23 SES 10C, Policy Scholarship (Singh 1)
Symposium to be continued in 23 SES 11 C
The purpose of this conference paper is to discuss Bernstein’s theory of recontextualisation (Bernstein 1990; 2000), as well as concepts related to this theoretical framework, notably classification and framing, and their contribution in understanding governance in higher education. The paper seeks to highlight the interaction between empirical data and theoretical concepts, as well as to the developments to which they lead. It builds on empirical research on policy discourses and accountability mechanisms aimed at implementing a performance model in higher education, oriented towards the production of market-centred pedagogic identities. This policy discourse is progressively developed at supranational level by the EU, as well as the OECD, especially since the 1980s, as part of active labour market policies and more broadly a new economic and social model of ‘knowledge society’. Policy implementation in France and Cyprus shows that this supranational policy discourse and its instruments have a significant impact on national systems, transforming the practices of universities and of their agents, but this does not impact only in a linear top-down way. The theory of ‘recontextualisation’ enables to describe how power and control relations operate in policy transfer from supranational policy discourses to national and local practices, through pedagogising mechanisms (Author 2016), thus leading to an efficient ‘policy technology’ (Ball 2008). The concept opens to a theory of description of the ‘generative operations which norm the social’ (Ramognino 2008), showing how specific principles of categorization and classification are stabilized and intervene in the activity. At the same time, by putting the focus on the level of social activities, the concept of recontextualisation also enables to discern the dynamic of the process, that is, how both semantic and social classifications, as well as framing on local communication are challenged, produce resistances and the potential of change. This can be observed within the agents’ activity (i.e. curriculum elaboration, curriculum assessment, teaching). Especially when agents enter into a reflective relation to their activity, subjective normativities of action come into conflict with official institutional forms of normativity. ‘Identity dimorphism’, that is the ambivalence between different professional identities, results to tensions between and within groups of agents, including within the same agent’s activity, which can produce local translations and alternative solutions to the official discourse. This is where the Bernsteinian concepts challenge classical accounts in critical sociology and contribute to renew the latter, opening to a new role for research in educational reform.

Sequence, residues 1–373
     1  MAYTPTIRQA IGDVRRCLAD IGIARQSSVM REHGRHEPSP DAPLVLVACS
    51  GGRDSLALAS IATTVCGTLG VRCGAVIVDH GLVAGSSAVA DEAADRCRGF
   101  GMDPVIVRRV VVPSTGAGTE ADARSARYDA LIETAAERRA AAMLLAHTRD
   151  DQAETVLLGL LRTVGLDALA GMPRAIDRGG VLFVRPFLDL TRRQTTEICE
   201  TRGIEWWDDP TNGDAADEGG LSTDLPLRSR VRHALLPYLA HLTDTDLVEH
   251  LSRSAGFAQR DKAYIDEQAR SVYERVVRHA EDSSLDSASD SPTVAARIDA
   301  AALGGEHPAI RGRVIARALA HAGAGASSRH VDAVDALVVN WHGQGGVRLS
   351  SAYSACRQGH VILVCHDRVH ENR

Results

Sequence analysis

Ball, S (2008). The Education Debate: Policy and Politics in the Twenty-First Century. Bristol: Polity Press. Bernstein, B. (1990). Class, Codes and Control: Volume 4. The structuring of pedagogic discourse. London, New York: Routledge, Taylor and Francis Group. Bernstein, B. (2000). Pedagogy, Symbolic Control and Identity. Theory, Research, Critique. Revised Edition. (2nd ed.). Lanham, Boulder, New York, Oxford: Rowan & Littlefield Publishers, Inc. Ramognino, N. (2011). Reading Basil Bernstein. A socio-epistemological point of View. In P. Vitale and D. Frandji (Eds.). Knowledge, Pedagogy and Society. International perspectives on Basil Bernstein’s sociology of education. London & New-York: Routledge, 224-240. Stavrou, S. (2016). Pedagogising the university: on higher education policy implementation and its effects on social relations. Journal of Education Policy, 1-16.
00. Central Events (Keynotes, EERA-Panel, EERJ Round Table, Invited Sessions)
Network 1. Continuing Professional Development: Learning for Individuals, Leaders, and Organisations
Network 2. Vocational Education and Training (VETNET)
Network 3. Curriculum Innovation
Network 4. Inclusive Education
Network 5. Children and Youth at Risk and Urban Education
Network 6. Open Learning: Media, Environments and Cultures
Network 7. Social Justice and Intercultural Education
Network 8. Research on Health Education
Network 9. Assessment, Evaluation, Testing and Measurement
Network 10. Teacher Education Research
Network 11. Educational Effectiveness and Quality Assurance
Network 12. LISnet - Library and Information Science Network
Network 13. Philosophy of Education
Network 14. Communities, Families and Schooling in Educational Research
Network 15. Research Partnerships in Education
Network 16. ICT in Education and Training
Network 17. Histories of Education
Network 18. Research in Sport Pedagogy
Network 19. Ethnography
Network 20. Research in Innovative Intercultural Learning Environments
Network 22. Research in Higher Education
Network 23. Policy Studies and Politics of Education
Network 24. Mathematics Education Research
Network 25. Research on Children's Rights in Education
Network 26. Educational Leadership
Network 27. Didactics – Learning and Teaching
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